Morning Mail: Coalition flies to Cop28, Westpac suffers major outage, UK nuclear site hacked

<span>Photograph: Lukas Coch/AAP</span>
Photograph: Lukas Coch/AAP

Morning everyone. Thousands of Westpac customers across the country were unable to access their accounts online or use their cards overnight after an outage struck the bank last night.

We also have news of how the Coalition is sending a significant delegation to the Cop28 summit in Dubai despite Peter Dutton’s jibes about a minister attending, and how the hack of the UK’s most infamous nuclear energy site was covered up. And the Cop28 president has responded to the Guardian’s revelations over his previous comments on climate science.


  • Westpac down | Westpac has now restored its online banking services after suffering a major outage during a “routine technology update” overnight.

  • Flight fright | A significant contingent of Coalition MPs including federal opposition frontbencher Bridget McKenzie (pictured) will fly out to the Cop28 climate summit in Dubai funded by two conservative groups – despite Peter Dutton mocking Chris Bowen for going.

  • Source of doubt | Major supermarkets may be misleading consumers that their salmon products are responsibly sourced, as some is produced in Tasmanian farms that are “far from sustainable”, environmental groups say.

  • Burning issue | A fire that started in a landfill site in Melbourne’s west four years ago is still burning, with residents angry that not enough is being done despite foul odours and poor air quality.

  • ‘Drug dealer’s defence’ | The Albanese government has been urged to use its leverage to encourage Japan to reduce its reliance on natural gas, and stop using the “drug dealer’s defence” of arguing that if Australia did not sell fossil fuels, someone else would.


  • Exclusive | The UK’s most hazardous nuclear site, Sellafield, has been hacked into by cyber groups closely linked to Russia and China, with the breach dating back a number of years but kept under wraps by a cover-up by senior staff. The site in Cumbria has been described as a “bottomless pit of money and despair”.

  • Gaza push | Israeli tanks, armoured personnel carriers and bulldozers have entered the southern part of the Gaza Strip near Khan Younis, as an Israeli commander claimed the army had almost completed its mission in the north.

  • Cop defence | The president of Cop28 has been forced into a fierce defence of his views on climate science after saying there was “no science out there that says that the phase-out of fossil fuel is what’s going to achieve 1.5C”.

  • ‘Out of money’ | The White House has said it is “out of money and nearly out of time” to provide more weapons to Ukraine as it tries to ward off Russia’s invasion unless Congress acts to approve additional funding and support.

  • Meta difficulty | One of the world’s leading experts on misinformation says she was fired by Harvard for criticising Meta at a time that the university was being pledged $500m from Mark Zuckerberg’s charity.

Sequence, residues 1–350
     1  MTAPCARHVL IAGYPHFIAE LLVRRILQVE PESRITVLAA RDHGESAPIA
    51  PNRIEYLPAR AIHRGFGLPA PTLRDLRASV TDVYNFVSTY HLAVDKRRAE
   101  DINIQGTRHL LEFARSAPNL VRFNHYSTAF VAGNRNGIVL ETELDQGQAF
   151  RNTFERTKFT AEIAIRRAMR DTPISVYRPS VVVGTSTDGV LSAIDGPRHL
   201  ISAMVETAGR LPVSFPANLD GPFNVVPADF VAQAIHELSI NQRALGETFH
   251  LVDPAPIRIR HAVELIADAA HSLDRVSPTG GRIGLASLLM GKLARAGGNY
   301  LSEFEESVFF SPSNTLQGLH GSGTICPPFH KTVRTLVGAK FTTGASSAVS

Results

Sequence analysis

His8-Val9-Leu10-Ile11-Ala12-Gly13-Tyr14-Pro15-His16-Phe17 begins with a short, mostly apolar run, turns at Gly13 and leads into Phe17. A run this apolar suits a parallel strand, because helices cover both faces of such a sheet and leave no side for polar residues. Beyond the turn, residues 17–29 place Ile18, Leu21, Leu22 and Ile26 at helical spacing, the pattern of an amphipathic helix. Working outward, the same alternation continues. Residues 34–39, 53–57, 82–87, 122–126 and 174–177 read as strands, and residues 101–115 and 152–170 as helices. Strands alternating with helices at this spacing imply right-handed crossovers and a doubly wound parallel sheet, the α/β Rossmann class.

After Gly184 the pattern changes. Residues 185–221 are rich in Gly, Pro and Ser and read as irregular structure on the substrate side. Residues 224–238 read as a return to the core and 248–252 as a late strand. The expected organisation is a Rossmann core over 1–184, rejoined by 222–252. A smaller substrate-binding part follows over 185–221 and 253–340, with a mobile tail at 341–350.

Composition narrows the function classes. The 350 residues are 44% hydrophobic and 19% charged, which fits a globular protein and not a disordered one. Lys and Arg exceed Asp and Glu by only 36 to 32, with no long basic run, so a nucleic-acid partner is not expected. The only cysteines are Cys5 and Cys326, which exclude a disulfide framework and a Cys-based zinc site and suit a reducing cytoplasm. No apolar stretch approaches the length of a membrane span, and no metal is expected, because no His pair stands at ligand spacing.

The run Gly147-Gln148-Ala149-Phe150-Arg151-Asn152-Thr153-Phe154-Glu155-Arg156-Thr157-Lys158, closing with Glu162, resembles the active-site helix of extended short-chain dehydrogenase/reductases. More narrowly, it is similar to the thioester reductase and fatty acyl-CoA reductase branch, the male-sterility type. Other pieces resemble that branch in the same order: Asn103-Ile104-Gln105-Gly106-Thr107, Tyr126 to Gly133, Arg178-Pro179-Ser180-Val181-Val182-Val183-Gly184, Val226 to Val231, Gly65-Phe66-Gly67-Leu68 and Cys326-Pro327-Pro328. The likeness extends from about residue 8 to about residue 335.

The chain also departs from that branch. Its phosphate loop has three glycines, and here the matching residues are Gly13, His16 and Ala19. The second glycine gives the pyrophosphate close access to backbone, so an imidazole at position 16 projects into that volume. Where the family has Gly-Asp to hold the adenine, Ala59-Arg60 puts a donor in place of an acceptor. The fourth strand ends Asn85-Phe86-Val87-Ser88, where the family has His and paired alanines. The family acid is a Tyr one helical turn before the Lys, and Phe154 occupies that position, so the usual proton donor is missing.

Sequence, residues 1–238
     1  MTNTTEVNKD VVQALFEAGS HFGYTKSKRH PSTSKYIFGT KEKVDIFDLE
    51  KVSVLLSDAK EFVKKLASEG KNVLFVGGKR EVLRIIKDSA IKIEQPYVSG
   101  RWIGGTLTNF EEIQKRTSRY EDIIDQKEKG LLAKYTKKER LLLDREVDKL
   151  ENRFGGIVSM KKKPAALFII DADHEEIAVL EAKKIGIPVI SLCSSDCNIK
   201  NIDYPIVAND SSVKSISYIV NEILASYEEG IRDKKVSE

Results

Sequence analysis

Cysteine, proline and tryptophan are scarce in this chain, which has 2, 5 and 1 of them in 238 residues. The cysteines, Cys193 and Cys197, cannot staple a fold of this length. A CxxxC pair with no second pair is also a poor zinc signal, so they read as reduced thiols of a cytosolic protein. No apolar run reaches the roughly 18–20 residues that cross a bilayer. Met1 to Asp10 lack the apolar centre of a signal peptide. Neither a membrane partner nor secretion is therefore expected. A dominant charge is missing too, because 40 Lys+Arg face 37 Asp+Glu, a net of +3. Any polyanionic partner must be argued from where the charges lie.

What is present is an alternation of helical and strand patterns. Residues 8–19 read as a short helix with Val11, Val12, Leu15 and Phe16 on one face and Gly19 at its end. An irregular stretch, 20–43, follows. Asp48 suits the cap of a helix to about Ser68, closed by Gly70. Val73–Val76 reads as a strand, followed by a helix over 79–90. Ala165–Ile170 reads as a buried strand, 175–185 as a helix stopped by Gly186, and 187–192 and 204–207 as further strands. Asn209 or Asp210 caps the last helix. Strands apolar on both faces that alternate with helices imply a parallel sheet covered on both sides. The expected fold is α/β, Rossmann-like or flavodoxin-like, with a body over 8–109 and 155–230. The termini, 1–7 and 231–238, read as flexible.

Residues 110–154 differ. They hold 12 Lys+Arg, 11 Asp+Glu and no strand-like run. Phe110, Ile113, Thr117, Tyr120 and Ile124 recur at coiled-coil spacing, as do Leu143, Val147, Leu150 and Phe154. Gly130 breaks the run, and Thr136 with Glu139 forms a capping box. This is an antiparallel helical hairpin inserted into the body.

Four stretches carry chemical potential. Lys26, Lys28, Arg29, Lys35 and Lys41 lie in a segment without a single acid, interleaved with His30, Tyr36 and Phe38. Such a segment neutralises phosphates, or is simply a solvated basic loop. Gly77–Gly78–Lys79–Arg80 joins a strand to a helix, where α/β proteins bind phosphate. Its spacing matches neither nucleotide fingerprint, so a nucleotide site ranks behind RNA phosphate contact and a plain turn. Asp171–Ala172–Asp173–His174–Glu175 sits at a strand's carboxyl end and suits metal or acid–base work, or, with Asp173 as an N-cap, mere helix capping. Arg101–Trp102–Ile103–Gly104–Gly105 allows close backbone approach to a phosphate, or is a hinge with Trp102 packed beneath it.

Full Story

The secret plan to ‘hook’ the developing world on oil

As the Cop28 climate summit meets in Dubai, a secret Saudi Arabian plan to get poorer countries “hooked on its harmful products” has emerged. Damian Carrington reports.


A performance artist who had federal government funding cancelled after a backlash against a work involving their self-insemination will be paid a six-figure sum in compensation and has won an extensive and detailed apology. Casey Jenkins has settled a federal court case against the Australia Council, now known as Creative Australia, for withdrawing $25,000 in funding for the exhibition Immaculate, in which Jenkins intended to livestream their monthly attempts to become pregnant.

Not the news

Diana Nguyen has wanted to be a mother for as long as she can remember, and wrote in her high school yearbook that 10 kids “sounds good enough”. Twenty years on, the actor and comedian is navigating fertility issues, a “spread” of endometriosis and a decision to freeze her eggs. From a moment of epiphany on the Camino de Santiago to injecting hormones at a K-pop concert, she describes the highs and lows.

The world of sport

  • Cricket | Viewers will have to pay to see Australia defend their World Test Championship and ODI World Cup titles under a landmark deal announced with Amazon.

  • Games doubt | The Gold Coast has withdrawn its bid to host the 2026 Commonwealth Games, leaving the future of the event in doubt.

  • Football | Manchester City have been charged by the FA after their players harangued the referee at the end of their thrilling 3-3 draw with Ange Postecoglou’s Spurs.

Media roundup

NSW public universities paid at least $147m to education agents as they compete to attract international students, the Sydney Morning Herald claims in an exclusive. Victoria’s anti-hate laws might be delayed until the second half of next year despite two neo-Nazi marches in recent weeks, the Age reports. And according to the Australian, pressure is growing to end Australia’s ban on nuclear energy.

What’s happening today

  • Economy | The Reserve Bank board will meet and make a rate announcement at 2.30pm.

  • Schools | The Australian Council for Educational Research will release two reports on how children are performing compared with other OECD countries.

Sign up

If you would like to receive this Morning Mail update to your email inbox every weekday, sign up here. And finish your day with a three-minute snapshot of the day’s main news. Sign up for our Afternoon Update newsletter here.

Prefer notifications? If you’re reading this in our app, just click here and tap “Get notifications” on the next screen for an instant alert when we publish every morning.

Brain teaser

And finally, here are the Guardian’s crosswords to keep you entertained throughout the day – with plenty more on the Guardian’s Puzzles app for iOS and Android. Until tomorrow.